Bombings will test Boston runners

Image: Boston Marathon runner consoled by his friends (© John Mottern/Getty Images)
Future Boston Marathon runners face a myriad of emotions and challenges after the bombings.
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Dr. Will Mayer is a sports psychologist from Southport, Ct. He has run six marathons, including Boston two times with a personal best of 3:15:46.

There is no way to predict the psychological responses of those that ran in the 2013 Boston Marathon. For sure, there was a range of emotion that was experienced by the runners that day as there will be a range for Boston Marathons to come.

The extent of psychological damage is determined by both the situation in which each runner found him/herself when the explosions went off and their own personality factors. How do these runners go forward?

Some have and will experience fear and anxiety, others sorrow and even experience survivor’s guilt; a sense of asking oneself why I was spared harm. There were the runners that had completed the race. Did they remain in the area? Did they say to themselves; “Thank God I was already done.” or “Why not me?” or both.

Was there a sense of pride for finishing or of guilt? There were those that were stopped short of the finish, with less than a half-mile from the finish and many within two miles.

When someone gets that close, they are usually experiencing a deep sense of satisfaction as they know they are going to finish. For those runners, there was likely an initial sense of deep disappointment after being stopped and not being sure why. I expect that some runners resisted being stopped, not knowing what potential danger lie ahead.

Of course, there were those that were at the point in the course in which they were physically impacted or visually witnessed the scene. This is the group that is likely to need the most formal therapy. Only they know what remains in their psyche as they try and process and work through the images that are etched in their mind.

Runners who have been deeply impacted by this event have to be honest and not be afraid to reach out for help and support. There will be many that need formal therapy and there is no shame in that. The shame would be to deny oneself the opportunity to heal. These runners should not isolate, but rather join with others to remain part of a supportive community. Do not suppress the feelings that have been generated by this event. Sharing is an incredible step in healing.

There will be some that will never be able to shake this event and will not return to the marathon or Boylston Street again. At the same time, there will be many that will return with a focus. A focus to remind the attackers, the victims, themselves, and the rest of the world that this is their race. It belongs to the city of Boston and the running community and no one is going to take that away. That they will pick each other up and remain strong, supportive and resilient.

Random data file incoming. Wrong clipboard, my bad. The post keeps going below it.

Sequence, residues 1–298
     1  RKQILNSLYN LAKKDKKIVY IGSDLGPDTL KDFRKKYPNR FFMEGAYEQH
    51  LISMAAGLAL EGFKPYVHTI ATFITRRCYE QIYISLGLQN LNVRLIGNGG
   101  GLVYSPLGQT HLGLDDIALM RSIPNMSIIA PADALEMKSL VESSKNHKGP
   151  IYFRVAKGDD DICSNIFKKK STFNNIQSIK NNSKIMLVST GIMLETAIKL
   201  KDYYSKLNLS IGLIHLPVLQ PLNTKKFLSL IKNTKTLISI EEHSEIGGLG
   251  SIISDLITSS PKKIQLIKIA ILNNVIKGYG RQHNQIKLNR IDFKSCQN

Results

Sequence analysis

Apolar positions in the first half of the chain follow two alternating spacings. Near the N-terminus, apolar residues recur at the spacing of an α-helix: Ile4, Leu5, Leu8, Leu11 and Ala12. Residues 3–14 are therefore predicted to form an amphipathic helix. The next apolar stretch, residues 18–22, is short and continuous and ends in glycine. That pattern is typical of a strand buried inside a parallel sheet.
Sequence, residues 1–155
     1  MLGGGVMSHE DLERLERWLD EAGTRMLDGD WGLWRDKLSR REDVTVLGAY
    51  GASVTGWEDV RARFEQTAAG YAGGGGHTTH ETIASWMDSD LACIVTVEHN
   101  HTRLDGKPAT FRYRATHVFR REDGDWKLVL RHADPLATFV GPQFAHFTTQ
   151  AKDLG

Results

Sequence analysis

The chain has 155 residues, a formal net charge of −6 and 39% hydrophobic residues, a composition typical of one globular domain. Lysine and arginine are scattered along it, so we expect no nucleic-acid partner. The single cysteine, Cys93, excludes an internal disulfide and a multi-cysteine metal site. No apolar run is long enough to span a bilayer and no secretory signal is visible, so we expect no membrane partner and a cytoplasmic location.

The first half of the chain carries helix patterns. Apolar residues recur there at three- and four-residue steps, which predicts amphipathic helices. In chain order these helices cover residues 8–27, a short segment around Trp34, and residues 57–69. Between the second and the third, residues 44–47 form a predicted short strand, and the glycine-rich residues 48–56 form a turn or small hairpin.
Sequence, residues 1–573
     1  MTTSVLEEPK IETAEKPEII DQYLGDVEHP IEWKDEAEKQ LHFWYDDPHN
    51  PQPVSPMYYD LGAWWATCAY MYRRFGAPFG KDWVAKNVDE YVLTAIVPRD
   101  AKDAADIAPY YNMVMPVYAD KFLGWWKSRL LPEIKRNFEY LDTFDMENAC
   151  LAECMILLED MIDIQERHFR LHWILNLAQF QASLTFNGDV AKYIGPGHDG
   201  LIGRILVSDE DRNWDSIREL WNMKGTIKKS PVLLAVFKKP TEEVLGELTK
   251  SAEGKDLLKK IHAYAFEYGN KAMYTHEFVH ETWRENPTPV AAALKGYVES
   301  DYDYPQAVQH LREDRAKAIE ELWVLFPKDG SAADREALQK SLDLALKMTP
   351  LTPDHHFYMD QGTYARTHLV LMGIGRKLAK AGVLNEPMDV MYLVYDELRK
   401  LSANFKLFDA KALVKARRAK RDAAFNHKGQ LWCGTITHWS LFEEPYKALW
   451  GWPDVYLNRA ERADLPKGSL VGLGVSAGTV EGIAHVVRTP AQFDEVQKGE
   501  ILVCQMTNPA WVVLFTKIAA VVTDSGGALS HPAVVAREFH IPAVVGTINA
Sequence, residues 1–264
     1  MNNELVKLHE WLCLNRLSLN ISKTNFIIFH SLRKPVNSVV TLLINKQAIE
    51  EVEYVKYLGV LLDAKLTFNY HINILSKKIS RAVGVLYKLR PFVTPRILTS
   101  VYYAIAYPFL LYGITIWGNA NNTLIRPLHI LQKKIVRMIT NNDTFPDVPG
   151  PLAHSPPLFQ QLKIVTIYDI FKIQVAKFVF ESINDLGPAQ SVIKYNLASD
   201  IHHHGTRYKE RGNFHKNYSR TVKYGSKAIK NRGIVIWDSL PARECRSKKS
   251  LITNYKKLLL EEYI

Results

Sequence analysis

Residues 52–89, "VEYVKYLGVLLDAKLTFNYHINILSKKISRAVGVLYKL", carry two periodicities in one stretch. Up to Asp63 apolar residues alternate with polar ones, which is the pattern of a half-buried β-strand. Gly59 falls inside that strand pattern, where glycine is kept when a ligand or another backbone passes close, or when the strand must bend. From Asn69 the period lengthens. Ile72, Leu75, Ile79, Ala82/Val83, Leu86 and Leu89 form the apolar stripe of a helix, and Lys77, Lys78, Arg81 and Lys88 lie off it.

The Boston Marathon requires the majority of runners to qualify for it, which increases the prestige and special nature of the event. There is an atmosphere from the start at Hopkington throughout the rise of the hills and heading down the homestretch that has felt more special than any other marathon I have experienced.

Whether you are purely a recreational runner or fall into the more elite category, runners are generally a supportive group that can experience pride together. Running a marathon is like being part of a community. Strangers volunteer their time and stand on their feet for hours handing out water and sports drinks as they accidentally get splashed. Spectators line the street to cheer. Runners encourage each other with support and sportsmanship. The Boston Marathon community shows as much enthusiasm for the event as any other.

The question has been asked: Should runners from the 2013 Boston Marathon be granted the opportunity to compete again, without having to qualify? I strongly believe that the Boston Athletic Association should allow any racer, especially those that did not finish, a one-time guarantee that they can compete in the future, be it next year or in a following year. It should be the runner’s choice to decide if running will be therapeutic.

When asked if I will run it again. It took me no time to respond that I would be tremendously honored to run it again and run it strong with my head held high and a look of pride. I have signed up for a future marathon with the goal to get myself back into marathon shape. If all goes well, maybe I will qualify for the prestigious Boston Marathon again.

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